Comcast sued for turning residential routers into hotspots

Two Northern California residents have launched a class action suit in a San Francisco federal court against Comcast (NASDAQ: CMCSA), claiming the cable company's shared Wi-Fi routers use too much electrical power, violate their privacy and slow their network.

The suit was filed in U.S. District Court in San Francisco on behalf of Pittsburg, Calif., resident Toyer Grear and his daughter Joycelyn Harris. They claim Comcast is "exploiting them for profit" by using their leased gateway to support the MSO's rollout of its Wi-Fi network.

The suit claims that the secondary signal these gateways broadcast increase their electrical power usage by as much as 40 percent, and that Comcast is pushing "tens of millions of dollars per month of the electricity bills needed to run their nationwide public Wi-Fi network onto customers."

The suit also claims the secondary signal puts Comcast's customers under greater security risk, allowing "strangers to connect to the Internet through the same wireless router used by Comcast customers."

Comcast has yet to publicly respond to the lawsuit.

Comcast is seeking to build a carrier-grade Wi-Fi network that can compete with cellular networks, and it has the ambitious goal of deploying 8 million Wi-Fi hotspots across the U.S. by the end of 2014.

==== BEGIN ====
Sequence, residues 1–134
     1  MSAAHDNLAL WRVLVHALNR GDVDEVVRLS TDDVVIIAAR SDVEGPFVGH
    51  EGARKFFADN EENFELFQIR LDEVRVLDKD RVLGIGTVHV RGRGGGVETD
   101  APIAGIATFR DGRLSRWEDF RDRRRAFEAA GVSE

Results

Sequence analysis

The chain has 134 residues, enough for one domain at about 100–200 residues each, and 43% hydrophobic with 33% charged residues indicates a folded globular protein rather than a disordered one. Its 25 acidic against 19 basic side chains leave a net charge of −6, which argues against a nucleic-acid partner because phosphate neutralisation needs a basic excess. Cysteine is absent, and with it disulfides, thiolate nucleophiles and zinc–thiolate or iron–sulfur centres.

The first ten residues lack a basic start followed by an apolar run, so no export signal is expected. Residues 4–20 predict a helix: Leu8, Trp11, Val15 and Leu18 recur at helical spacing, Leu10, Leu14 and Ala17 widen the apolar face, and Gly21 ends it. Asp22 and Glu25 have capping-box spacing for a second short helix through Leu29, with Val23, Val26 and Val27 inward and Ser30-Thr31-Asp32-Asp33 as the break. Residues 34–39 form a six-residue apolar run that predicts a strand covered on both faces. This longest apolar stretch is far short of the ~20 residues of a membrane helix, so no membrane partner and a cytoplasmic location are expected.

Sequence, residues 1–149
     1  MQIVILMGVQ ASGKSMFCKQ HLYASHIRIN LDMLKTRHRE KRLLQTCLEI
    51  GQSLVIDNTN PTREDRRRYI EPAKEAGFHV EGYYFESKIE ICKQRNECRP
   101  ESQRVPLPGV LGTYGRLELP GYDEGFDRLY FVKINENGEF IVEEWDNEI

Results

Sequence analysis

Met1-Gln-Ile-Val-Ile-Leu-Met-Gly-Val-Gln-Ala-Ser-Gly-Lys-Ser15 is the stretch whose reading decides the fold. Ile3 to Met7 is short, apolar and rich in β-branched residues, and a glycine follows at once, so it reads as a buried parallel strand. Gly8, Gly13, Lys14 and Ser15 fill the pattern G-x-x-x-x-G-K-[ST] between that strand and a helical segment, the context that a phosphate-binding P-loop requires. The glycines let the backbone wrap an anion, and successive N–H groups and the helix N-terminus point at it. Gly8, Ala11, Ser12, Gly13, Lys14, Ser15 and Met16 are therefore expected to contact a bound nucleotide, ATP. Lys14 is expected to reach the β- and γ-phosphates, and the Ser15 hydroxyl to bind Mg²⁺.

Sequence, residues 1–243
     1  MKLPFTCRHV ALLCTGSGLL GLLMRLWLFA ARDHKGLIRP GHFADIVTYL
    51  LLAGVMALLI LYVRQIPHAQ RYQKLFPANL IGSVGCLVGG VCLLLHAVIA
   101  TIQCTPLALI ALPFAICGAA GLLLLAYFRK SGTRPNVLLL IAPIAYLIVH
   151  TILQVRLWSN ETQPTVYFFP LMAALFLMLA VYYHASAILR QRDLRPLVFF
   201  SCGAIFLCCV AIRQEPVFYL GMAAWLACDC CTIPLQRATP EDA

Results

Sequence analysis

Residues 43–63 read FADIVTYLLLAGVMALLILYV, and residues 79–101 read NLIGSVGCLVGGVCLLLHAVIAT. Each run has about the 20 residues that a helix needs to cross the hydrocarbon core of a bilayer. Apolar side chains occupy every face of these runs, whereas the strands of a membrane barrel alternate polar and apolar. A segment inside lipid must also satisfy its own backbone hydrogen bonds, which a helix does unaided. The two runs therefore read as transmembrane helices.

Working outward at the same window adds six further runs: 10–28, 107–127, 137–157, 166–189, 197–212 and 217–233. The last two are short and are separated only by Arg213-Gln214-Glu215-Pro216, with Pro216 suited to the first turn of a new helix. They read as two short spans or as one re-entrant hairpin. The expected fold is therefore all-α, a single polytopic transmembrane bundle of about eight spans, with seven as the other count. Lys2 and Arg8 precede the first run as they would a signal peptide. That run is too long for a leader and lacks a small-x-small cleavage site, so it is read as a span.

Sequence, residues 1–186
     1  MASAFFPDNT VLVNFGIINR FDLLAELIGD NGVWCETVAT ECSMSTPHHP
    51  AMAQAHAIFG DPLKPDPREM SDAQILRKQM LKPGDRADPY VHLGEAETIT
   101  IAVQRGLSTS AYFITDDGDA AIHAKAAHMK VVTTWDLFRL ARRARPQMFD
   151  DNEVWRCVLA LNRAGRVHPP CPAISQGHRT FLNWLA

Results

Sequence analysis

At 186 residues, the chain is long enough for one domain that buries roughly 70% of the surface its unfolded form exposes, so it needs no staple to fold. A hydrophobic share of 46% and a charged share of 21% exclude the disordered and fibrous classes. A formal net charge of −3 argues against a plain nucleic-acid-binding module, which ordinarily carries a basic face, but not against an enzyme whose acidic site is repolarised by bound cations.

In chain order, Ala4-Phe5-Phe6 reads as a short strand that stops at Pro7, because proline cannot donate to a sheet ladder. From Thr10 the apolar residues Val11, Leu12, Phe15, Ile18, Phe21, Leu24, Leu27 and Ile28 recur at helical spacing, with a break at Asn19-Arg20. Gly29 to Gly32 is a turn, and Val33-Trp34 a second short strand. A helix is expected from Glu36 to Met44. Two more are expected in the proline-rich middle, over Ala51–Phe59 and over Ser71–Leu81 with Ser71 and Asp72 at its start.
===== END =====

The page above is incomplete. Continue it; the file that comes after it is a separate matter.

Many of those hotspots utilize newer gateways leased by customers, which push out a secondary signal that's publicly available.

Comcast has begun notifying its customers in cases when their router is being used as a hotspot. And the company has provisions to turn the secondary signal off if a customer wants to opt out.

However, as a message-board poster noted on DSL Reports last week, the sharing is a default setting in Comcast's wireless gateways. So, every time the MSO pushes out a firmware update and resets the device's settings, it gets pushed back into hotspot sharing mode.

And for their part, the plaintiffs in the suit accuse Comcast of being vague about the contractual terms of Wi-Fi sharing.

For more:
- read this San Francisco Chronicle story
- read this Houston Chronicle story

Related links
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